After a year of testing in a remote village in India, researchers are ready to scale up production of an ultra-low-power $35 tablet called the I-slate.
The I-slate is designed to teach math and other subjects to students whose schools lack electricity or to students who don’t have access to teachers at all. The device will enter full-scale production next year, and will be the first device to apply a low-power technology called probabilistic CMOS (complementary metal-oxide semiconductor) to achieve a longer battery life.
The probabilistic CMOS approach is simple: run an ordinary microchip less stringently, sacrifice a small amount of precision, and get huge gains in energy efficiency in return. Probabilistic CMOS (CMOS refers to the technology behind most of today’s chip technologies) works particularly well in graphics and sound processing, since human vision and hearing aren’t perfect, and small errors are therefore undetectable.
Krishna Palem, a professor at Rice University and director of the Institute for Sustainable Nanoelectronics at Nanyang Technological University, first demonstrated probabilistic CMOS in 2006. Palem is now working on getting the technology into applications including a low-power hearing aid. In the educational tablet device, Palem says, probabilistic chips will enable huge power savings: the educational tablet will require just three watts of power, meaning it can be powered entirely by small solar cells like those on a pocket calculator.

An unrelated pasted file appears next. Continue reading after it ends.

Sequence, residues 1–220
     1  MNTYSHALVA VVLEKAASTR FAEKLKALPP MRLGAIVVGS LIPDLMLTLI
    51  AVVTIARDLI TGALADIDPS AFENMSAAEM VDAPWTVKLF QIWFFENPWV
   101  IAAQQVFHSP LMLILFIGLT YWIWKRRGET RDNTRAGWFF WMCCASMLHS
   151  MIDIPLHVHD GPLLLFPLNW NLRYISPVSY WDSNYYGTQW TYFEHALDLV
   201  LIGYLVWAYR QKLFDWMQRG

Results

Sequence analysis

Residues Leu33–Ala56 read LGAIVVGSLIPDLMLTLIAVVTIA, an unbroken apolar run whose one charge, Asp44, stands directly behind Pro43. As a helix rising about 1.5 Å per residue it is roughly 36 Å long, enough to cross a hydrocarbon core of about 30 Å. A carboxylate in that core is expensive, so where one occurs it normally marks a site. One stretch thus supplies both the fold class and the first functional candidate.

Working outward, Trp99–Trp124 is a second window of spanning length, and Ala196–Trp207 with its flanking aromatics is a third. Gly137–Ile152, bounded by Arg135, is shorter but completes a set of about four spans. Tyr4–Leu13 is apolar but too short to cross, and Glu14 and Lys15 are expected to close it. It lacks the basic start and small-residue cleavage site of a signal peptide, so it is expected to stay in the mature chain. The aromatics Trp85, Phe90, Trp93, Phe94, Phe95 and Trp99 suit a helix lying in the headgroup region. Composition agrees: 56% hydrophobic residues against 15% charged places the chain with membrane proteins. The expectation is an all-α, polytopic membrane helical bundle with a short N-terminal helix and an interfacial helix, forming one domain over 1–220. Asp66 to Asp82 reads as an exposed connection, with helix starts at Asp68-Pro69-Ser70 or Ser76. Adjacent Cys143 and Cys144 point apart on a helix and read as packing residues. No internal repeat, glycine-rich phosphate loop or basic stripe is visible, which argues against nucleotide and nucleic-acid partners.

The I-slate looks similar to an iPad, with a seven-inch liquid-crystal touch screen display. But it’s not a full tablet computer—in fact, unlike other hardware supplied to disadvantaged children through efforts such as One Laptop Per Child, it’s not a computer at all, and does not have an operating system. “It’s an elaborate, single-function device,” says Palem. Kids can read from a preloaded textbook or take notes and work out math problems using a stylus on a “scratch pad” to one side of the screen. The device can store a few pages of notes.
Palem’s group at Nanyang Technological University is developing the I-slate in collaboration with the Indian nonprofit organization Villages for Development and Learning Foundation and the Los Angeles design firm Seso. Last year, the group tested prototype I-slates loaded up with a math textbook and exercises at a school in Mohd Hussainpalli, a village about 70 miles southwest of Hyderabad. In this region, electricity is unreliable, and some villages don’t have teachers.
When designing an embedded system choosing which tools to use often comes down to building a custom solution or buying off-the-shelf tools.